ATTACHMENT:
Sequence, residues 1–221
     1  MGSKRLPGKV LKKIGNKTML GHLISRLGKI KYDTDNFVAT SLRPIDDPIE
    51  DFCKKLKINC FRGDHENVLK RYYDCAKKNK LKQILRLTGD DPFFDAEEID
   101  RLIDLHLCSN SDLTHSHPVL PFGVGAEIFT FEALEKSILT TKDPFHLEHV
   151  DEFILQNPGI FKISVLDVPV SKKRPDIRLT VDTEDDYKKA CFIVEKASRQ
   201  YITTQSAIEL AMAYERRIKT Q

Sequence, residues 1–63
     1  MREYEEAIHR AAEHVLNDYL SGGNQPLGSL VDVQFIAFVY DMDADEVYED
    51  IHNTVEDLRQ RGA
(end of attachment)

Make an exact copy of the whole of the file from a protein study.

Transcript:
Sequence, residues 1–221
     1  MGSKRLPGKV LKKIGNKTML GHLISRLGKI KYDTDNFVAT SLRPIDDPIE
    51  DFCKKLKINC FRGDHENVLK RYYDCAKKNK LKQILRLTGD DPFFDAEEID
   101  RLIDLHLCSN SDLTHSHPVL PFGVGAEIFT FEALEKSILT TKDPFHLEHV
   151  DEFILQNPGI FKISVLDVPV SKKRPDIRLT VDTEDDYKKA CFIVEKASRQ
   201  YITTQSAIEL AMAYERRIKT Q

Sequence, residues 1–63
     1  MREYEEAIHR AAEHVLNDYL SGGNQPLGSL VDVQFIAFVY DMDADEVYED
    51  IHNTVEDLRQ RGA